Dowd: Global season only possible through give, and take

8:26 PM GMT

It was reasonably predictable that the All Blacks would romp home in the third Test against Wales, as there are not many teams previously who have pushed them in the last match of the June window.

But you do feel some sympathy for Wales. The average rugby fan in New Zealand won’t understand, but these guys have had 14 months of rugby and their minds are going to be in the south of France or Portugal and going away somewhere to lie in the sun. They were at the end of it and the series was over after it was 2-0; they had checked out. Having said that, I think some of those Welsh players can really put their hand up. They came down and played some good rugby. I liked the look of Liam Williams, half-back Rhys Webb and No. 8 Toby Faletau.

It was interesting to note that talk of the global season re-emerged in the wake of the series, but it’s my belief there are too many agendas for it to ever happen.

Jamie Roberts Anthony Au-Yeung/Getty Images

If it is to ever succeed, there has got to be a brains trust, spearheaded by World Rugby, put together to come up with the right outcome. The problem is that any system is going to involve some give and take, but too many people don’t want to give. And that is where it breaks down: People are looking after their own interests. Added to that, the game is very much a business now too; so that is something else that has to be factored in.

From a New Zealand perspective, New Zealand Rugby has a stance that you can’t play for the All Blacks if you play outside New Zealand. That could be one of the gives from New Zealand if they want to move towards a global season.

Everyone is looking after their own interests — and rightfully so — but if we truly want to talk a global season we need to be able give away some of our negotiation to gain the greater good of what a global season could look like.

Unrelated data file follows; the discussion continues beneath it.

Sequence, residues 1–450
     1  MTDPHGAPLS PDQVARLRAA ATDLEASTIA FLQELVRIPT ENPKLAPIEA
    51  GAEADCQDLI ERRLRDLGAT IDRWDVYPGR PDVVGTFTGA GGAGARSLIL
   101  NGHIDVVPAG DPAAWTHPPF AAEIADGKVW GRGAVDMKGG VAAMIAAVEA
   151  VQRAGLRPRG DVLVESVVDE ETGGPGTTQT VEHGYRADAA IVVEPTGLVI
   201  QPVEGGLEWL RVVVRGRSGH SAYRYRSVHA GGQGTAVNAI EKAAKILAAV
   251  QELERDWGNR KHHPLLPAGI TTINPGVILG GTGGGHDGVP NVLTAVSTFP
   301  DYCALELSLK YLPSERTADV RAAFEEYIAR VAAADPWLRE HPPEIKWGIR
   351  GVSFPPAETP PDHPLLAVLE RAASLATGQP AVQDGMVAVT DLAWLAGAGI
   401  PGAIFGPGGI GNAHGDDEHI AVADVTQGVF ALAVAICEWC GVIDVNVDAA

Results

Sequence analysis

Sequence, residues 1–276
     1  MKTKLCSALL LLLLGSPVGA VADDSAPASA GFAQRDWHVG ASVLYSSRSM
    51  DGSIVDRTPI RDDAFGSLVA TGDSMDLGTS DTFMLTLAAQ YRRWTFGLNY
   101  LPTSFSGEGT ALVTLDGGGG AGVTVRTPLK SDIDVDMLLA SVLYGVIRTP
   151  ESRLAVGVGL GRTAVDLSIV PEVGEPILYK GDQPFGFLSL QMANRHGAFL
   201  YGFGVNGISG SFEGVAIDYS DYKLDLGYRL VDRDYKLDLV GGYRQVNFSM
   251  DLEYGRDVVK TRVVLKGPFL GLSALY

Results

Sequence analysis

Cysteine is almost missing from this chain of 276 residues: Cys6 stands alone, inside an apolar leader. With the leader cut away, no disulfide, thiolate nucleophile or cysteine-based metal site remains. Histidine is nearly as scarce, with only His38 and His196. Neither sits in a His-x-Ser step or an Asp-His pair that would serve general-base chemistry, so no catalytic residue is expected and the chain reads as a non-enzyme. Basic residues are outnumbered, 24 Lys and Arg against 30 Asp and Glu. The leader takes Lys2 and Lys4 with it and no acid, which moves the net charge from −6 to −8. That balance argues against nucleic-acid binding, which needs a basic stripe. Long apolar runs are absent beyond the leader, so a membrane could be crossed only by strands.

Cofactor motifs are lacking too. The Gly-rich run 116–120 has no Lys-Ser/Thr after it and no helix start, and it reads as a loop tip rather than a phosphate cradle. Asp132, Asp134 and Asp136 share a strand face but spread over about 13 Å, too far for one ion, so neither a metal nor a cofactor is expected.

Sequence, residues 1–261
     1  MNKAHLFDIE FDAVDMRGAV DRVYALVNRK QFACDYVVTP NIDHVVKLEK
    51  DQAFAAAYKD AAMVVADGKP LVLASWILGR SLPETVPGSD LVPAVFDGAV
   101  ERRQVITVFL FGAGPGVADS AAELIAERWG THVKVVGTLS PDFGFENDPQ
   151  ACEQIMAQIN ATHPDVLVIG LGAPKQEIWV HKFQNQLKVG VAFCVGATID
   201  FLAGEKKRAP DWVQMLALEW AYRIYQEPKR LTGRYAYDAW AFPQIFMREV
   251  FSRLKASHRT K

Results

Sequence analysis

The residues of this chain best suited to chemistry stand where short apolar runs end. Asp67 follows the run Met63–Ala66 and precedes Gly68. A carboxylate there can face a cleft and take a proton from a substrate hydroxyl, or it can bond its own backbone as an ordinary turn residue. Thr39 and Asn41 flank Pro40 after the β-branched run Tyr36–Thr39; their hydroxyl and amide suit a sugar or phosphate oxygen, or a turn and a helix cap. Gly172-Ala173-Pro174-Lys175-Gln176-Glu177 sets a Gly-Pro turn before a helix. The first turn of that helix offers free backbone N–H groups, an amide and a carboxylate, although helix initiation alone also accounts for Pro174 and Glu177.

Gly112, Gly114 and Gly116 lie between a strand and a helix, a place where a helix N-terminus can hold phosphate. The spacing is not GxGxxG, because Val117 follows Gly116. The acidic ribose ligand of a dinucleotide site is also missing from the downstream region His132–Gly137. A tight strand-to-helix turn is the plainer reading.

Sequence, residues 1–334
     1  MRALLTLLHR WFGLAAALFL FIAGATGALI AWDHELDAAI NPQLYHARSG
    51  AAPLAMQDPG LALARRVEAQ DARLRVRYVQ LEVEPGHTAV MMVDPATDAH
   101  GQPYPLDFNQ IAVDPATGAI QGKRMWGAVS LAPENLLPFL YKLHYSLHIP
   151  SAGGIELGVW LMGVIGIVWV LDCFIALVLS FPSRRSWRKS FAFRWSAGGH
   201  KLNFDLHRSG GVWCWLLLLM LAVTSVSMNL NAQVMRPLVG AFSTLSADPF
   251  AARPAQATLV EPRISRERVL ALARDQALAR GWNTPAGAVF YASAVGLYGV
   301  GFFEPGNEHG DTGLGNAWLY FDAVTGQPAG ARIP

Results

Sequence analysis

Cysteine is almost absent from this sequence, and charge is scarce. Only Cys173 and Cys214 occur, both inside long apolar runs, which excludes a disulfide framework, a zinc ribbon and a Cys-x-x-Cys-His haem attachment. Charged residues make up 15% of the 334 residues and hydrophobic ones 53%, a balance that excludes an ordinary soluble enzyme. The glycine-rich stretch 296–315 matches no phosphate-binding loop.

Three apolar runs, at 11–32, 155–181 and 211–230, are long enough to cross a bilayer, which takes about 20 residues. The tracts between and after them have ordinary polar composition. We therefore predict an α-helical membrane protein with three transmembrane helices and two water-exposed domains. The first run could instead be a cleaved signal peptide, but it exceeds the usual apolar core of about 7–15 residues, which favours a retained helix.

Liam Williams Anthony Au-Yeung/Getty Images

England and France will have to do the same.

It all starts from getting a blank piece of paper, starting right at the top and saying: “This is what it could look like.” It would then need to work through the second and third tiers and sort out all the hurdles that will have to be jumped and the hoops that will have to be gone through.

Unless there is an agreed outcome that everyone wants, we don’t know where we’re heading. And unfortunately Super Rugby is a great example of what can happen when you do that.

We’re following our nose throwing another team in here or there, and we just keep doing what we’ve always done and expanding with no clearly defined outcome of what it is going to look like in five or 10 years’ time. That’s the trap we don’t want to fall into when looking at a global season. It’s a hard one; a real beast.

And with all that in mind this week, it’s a funny old season when we talk All Blacks, Wales, June Test window and then we say: “Right, now it’s back to Super Rugby.” We then try to pick up where we left off, and Super Rugby clearly illustrates what I’ve just been talking about: it’s a complete mishmash at the moment, which gets repeated in the northern hemisphere in November.